Most toddlers have a little wiggle in their hips when they walk or run, right?
That’s what Rhonda and Steve Showman thought about their young son, Nick, whose unusual run was just a cute quirk. But by the time he was 4 years old, Nick wasn’t running the same way as his peers, and it began to concern his parents.
During an appointment for Nick regarding an ear infection, Rhonda asked her local pediatrician to take a look at Nick’s hips and gait. The doctor did a few tests.
“He recommended we get up to Iowa City as soon as possible,” remembers Rhonda.
The Showmans met with University of Iowa Stead Family Children’s Hospital pediatric neurologist Katherine Mathews, MD, who diagnosed then-4-year-old Nick with Duchenne muscular dystrophy, or DMD.
DMD is a genetic disorder that causes progressive muscle degeneration. It’s most common in very young boys and first affects the muscles of the hips, pelvic area, thighs, and shoulders. It eventually impacts additional muscles, and by the early teen years, the heart and respiratory muscles become affected, as well.
“As a parent, when you first hear that your son is diagnosed with something like this, you feel like you’ve been kicked in the gut,” says Rhonda.
“I can still remember the car ride home that day,” adds Steve. “I could see in my wife’s eyes that she was scared. We were both scared.”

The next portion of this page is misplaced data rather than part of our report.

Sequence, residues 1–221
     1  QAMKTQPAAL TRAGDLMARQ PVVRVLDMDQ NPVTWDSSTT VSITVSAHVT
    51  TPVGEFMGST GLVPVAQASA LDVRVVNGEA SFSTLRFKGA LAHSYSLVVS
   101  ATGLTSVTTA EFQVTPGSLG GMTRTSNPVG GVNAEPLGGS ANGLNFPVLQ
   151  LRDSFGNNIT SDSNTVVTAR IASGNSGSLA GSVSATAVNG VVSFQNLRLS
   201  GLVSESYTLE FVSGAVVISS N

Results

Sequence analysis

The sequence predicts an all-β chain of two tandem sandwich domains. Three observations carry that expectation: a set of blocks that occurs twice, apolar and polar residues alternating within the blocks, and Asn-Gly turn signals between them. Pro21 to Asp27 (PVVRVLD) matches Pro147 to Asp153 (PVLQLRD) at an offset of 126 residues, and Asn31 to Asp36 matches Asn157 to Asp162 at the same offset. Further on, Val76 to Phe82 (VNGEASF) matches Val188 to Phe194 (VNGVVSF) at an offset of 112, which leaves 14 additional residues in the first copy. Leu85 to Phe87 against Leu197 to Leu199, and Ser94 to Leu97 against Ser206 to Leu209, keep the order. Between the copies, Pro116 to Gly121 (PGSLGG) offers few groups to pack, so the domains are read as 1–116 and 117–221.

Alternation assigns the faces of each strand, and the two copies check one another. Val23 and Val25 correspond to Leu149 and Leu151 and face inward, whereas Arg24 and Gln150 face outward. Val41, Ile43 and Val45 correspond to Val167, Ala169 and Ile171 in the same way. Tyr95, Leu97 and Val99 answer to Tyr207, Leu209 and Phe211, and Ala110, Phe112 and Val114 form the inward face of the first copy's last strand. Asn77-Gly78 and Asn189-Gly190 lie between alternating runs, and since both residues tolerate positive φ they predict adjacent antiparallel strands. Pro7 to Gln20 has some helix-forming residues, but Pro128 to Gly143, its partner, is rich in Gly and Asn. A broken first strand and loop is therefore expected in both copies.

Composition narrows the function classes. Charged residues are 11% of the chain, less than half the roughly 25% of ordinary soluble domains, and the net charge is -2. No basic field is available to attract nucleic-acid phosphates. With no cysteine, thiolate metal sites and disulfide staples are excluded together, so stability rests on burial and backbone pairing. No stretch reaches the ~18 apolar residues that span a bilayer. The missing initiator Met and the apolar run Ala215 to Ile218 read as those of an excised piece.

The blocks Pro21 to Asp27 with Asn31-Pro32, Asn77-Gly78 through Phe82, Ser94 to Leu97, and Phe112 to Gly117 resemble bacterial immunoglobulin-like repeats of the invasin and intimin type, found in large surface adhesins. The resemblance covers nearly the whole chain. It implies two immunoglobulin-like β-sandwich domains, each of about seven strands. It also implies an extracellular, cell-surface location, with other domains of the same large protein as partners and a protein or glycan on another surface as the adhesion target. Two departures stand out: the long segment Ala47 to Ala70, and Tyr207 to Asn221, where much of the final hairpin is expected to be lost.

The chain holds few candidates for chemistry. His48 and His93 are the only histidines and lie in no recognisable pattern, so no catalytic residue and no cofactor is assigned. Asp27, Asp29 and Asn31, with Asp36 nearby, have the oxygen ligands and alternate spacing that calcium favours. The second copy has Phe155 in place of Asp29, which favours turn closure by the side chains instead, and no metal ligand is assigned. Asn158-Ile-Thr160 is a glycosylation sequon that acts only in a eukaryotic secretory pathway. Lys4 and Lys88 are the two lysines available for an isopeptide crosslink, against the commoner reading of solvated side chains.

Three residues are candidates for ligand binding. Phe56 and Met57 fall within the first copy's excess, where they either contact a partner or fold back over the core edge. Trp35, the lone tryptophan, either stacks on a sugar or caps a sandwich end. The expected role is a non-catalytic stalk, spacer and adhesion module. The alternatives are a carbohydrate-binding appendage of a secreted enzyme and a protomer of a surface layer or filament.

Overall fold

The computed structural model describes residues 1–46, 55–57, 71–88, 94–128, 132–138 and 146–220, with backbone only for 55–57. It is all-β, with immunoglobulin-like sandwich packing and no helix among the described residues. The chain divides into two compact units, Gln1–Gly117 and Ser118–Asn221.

Nick was able to walk until 2014, but now needs a motorized wheelchair. As Nick gets older, his muscles will continue to become weaker.
“With most people, as their bodies grow, their muscles need to get stronger to support their bodies,” explains Rhonda. “In Nick’s case, his body isn’t able to produce—or produces very little—dystrophin, so then when his muscles demand some strength, his body isn’t able to give it to him.”
Over the years, Nick’s UI Stead Family Children’s Hospital team has been available to him not only in Iowa City, but also closer to their home.
“What’s wonderful is we come one a year to visit Dr. Mathews in Iowa City so that we can do the full workup that day,” says Rhonda. “Then every six months or so we’re in Des Moines at the outreach clinic where we see Dr. Mathews for a quick checkup to see how things are going.”
In 2011, Nick faced another issue, this time unrelated to his DMD. He began experiencing tachycardia—a rapid heart rate that occurs when electrical signals in the heart’s upper chambers fire abnormally. In order to avoid more stress on his heart, he underwent surgery to correct the arrhythmia.
Now 12, Nick is a quick-witted, outgoing kid and the Iowa Hawkeyes’ and Minnesota Vikings’ biggest fan. He shares a great bond with his older sister, Maggie, and always has an upbeat attitude.
“Nick is really good about adjusting to things and not getting too hung up in what’s wrong and focusing on what’s right,” says Rhonda.
Steve adds, “He’s taught our family what family should be.”